Film Review – BUTCH CASSIDY AND THE SUNDANCE KID (1969)

VINTAGE MOVIE / FILM POSTER SUPERB QUALITY BUTCH CASSIDY AND THE ...BUTCH CASSIDY AND THE SUNDANCE KID (USA, 1969) *****
      Distributor: Twentieth Century Fox; Production Company: Campanile Productions / Newman-Foreman Company; Release Date: 23 September 1969 (USA), 5 February 1970 (UK); Filming Dates: 16 September 1968 – 13 March 1969; Running Time: 110m; Colour: DeLuxe; Sound Mix: Mono (Westrex Recording System); Film Format: 35mm; Film Process: Panavision (anamorphic); Aspect Ratio: 2.39:1; BBFC Cert: PG.
      Director: George Roy Hill; Writer: William Goldman; Executive Producer: Paul Monash; Producer: John Foreman; Director of Photography: Conrad L. Hall; Music Composer: Burt Bacharach; Film Editor: John C. Howard, Richard C. Meyer; Art Director: Philip M. Jefferies, Jack Martin Smith; Set Decorator: Chester Bayhi, Walter M. Scott; Costumes: Edith Head; Make-up: Daniel C. Striepeke, Edith Lindon; Sound: David Dockendorf, Bill Edmondson; Visual Effects: L.B. Abbott, Art Cruickshank.
      Cast: Paul Newman (Butch Cassidy), Robert Redford (The Sundance Kid), Katharine Ross (Etta Place), Strother Martin (Percy Garris), Henry Jones (Bike Salesman), Jeff Corey (Sheriff Bledsoe), George Furth (Woodcock), Cloris Leachman (Agnes), Ted Cassidy (Harvey Logan), Kenneth Mars (Marshal), Donnelly Rhodes (Macon), Jody Gilbert (Large Woman), Timothy Scott (News Carver), Don Keefer (Fireman), Charles Dierkop (Flat Nose Curry), Pancho Córdova (Bank Manager), Nelson Olmsted (Photographer), Paul Bryar (Card Player #1), Sam Elliott (Card Player #2), Charles Akins (Bank Teller), Eric Sinclair (Tiffany’s Salesman).
      Synopsis: Two Western bank/train robbers flee to Bolivia when the law gets too close.
      Comment: Classic Western came after the end of the golden period for the genre but was massively popular due to the charismatic chemistry between Newman and Redford as Butch and Sundance. The stars make the most of Goldman’s witty screenplay dealing with the outlaws’ final days as they flee a dogged posse to Bolivia. The themes of the passing of the old west and its values into a more modern society is given poignancy through Hill’s direction and his use of visual dynamics emphasised by Hall’s evocative cinematography. One of the great Westerns that bears repeated viewings. Sam Elliott’s feature film debut. Won Oscars for Screenplay, Cinematography, Music and Song for “Raindrops Keep Falling on My Head”. Followed by a prequel BUTCH AND SUNDANCE: THE EARLY DAYS (1979). The movie also inspired the TV series Alias Smith and Jones (1970-3).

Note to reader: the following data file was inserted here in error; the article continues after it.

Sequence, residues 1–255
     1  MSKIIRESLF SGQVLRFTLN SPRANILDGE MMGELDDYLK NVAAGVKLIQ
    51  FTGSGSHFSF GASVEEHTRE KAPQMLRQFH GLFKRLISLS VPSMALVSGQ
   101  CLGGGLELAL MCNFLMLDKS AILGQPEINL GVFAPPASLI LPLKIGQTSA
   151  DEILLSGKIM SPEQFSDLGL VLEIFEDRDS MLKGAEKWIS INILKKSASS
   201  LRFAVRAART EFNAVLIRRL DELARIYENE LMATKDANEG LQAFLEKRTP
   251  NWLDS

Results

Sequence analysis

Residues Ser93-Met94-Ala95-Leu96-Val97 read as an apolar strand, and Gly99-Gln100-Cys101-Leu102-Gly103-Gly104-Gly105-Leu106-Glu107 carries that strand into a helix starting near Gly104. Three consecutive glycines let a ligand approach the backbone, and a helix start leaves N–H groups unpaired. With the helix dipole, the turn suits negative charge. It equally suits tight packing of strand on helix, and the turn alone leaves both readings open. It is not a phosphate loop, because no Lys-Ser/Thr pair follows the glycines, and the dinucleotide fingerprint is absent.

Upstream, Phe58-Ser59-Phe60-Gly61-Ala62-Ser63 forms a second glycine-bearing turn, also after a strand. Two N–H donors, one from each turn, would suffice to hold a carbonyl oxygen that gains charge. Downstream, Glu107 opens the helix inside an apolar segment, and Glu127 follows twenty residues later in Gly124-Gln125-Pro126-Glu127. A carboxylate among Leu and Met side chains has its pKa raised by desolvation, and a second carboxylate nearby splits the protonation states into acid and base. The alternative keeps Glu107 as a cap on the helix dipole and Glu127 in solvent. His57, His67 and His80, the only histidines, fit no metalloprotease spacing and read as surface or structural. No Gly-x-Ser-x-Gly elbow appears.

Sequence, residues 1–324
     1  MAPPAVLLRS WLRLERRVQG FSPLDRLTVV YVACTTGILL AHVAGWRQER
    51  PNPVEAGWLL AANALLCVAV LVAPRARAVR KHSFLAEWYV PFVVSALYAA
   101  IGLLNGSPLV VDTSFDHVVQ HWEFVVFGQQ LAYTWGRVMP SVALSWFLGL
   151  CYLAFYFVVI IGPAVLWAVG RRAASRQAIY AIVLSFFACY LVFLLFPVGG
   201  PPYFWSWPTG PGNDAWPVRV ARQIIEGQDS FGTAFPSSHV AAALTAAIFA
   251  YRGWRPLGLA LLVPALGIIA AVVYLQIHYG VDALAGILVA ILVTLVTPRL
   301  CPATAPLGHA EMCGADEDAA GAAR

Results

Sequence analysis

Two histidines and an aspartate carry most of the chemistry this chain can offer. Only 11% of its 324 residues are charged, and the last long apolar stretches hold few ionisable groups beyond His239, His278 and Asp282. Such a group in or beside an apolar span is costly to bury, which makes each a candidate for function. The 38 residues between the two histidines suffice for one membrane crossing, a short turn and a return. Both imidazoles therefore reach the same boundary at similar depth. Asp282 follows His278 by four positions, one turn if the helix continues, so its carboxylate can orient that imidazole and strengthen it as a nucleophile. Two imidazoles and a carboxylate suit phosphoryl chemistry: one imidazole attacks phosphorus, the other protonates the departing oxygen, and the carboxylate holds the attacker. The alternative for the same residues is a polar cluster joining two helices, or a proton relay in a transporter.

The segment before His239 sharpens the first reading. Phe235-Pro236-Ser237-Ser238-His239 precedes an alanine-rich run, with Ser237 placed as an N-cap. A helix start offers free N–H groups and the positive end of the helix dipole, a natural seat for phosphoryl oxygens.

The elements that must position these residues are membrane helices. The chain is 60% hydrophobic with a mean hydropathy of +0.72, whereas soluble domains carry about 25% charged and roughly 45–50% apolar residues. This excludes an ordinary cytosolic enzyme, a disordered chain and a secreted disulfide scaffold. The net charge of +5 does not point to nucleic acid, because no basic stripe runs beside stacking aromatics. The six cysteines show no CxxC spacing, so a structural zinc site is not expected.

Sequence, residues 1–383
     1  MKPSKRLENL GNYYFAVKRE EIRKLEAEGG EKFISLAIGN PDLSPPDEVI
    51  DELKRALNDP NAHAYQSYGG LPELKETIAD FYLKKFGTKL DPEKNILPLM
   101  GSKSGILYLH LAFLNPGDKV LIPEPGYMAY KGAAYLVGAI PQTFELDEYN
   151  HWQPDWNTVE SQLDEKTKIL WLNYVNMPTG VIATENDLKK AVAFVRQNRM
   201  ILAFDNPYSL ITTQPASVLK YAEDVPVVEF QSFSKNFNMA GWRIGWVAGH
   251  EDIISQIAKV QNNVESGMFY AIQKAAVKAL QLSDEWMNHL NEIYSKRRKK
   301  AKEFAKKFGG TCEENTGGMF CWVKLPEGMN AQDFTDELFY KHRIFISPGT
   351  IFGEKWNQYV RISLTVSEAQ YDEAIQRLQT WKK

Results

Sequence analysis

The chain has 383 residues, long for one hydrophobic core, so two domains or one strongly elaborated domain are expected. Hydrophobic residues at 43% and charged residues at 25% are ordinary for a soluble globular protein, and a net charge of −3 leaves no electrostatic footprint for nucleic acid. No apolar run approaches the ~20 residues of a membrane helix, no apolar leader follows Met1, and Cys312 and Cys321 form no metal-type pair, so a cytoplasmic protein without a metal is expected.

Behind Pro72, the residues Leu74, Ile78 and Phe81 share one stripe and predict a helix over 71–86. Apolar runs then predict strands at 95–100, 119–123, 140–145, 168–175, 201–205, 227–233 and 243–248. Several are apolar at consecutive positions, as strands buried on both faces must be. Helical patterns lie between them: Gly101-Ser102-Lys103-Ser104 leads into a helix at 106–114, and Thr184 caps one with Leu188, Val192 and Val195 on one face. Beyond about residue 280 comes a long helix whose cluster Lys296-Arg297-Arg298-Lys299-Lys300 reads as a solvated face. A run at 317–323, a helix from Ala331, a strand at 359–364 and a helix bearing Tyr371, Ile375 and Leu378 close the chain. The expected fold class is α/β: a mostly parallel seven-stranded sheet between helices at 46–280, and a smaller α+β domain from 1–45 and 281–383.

Film Review – THE LAST PICTURE SHOW (1971)

Image result for the last picture show 1971Last Picture Show, The (1971; USA; B&W; 118m) ****½  d. Peter Bogdanovich; w. Peter Bogdanovich, Larry McMurtry; ph. Robert Surtees; m. Phil Harris, Johnny Standley, Hank Thompson.  Cast: Timothy Bottoms, Jeff Bridges, Cybill Shepherd, Ben Johnson, Cloris Leachman, Ellen Burstyn, Eileen Brennan, Clu Gulager, Sam Bottoms, Randy Quaid, Joe Heathcock, Bill Thurman, Jessie Lee Fulton, John Hillerman, Noble Willingham, Grover Lewis, Kimberly Hyde, Gary Brockette, Sharon Taggart. In 1951, a group of high schoolers come of age in a bleak, isolated, atrophied West Texas town that is slowly dying, both culturally and economically. Superbly acted drama populated by imperfect characters trying to make a sense of their lives in a dying Texas town. Bogdanovich gives the characters room to breathe and adds a directorial flourish to create an overarching sense of sadness. The 1950s setting is realistically realised through Polly Platt’s production design and Surtees’ black-and-white cinematography. Won Oscars for Best Supporting Actor (Johnson) and Supporting Actress (Leachman) as well as receiving six other nominations. Based on the novel by Larry McMurtry. Director’s cut runs 126m. Followed by TEXASVILLE (1990). [15]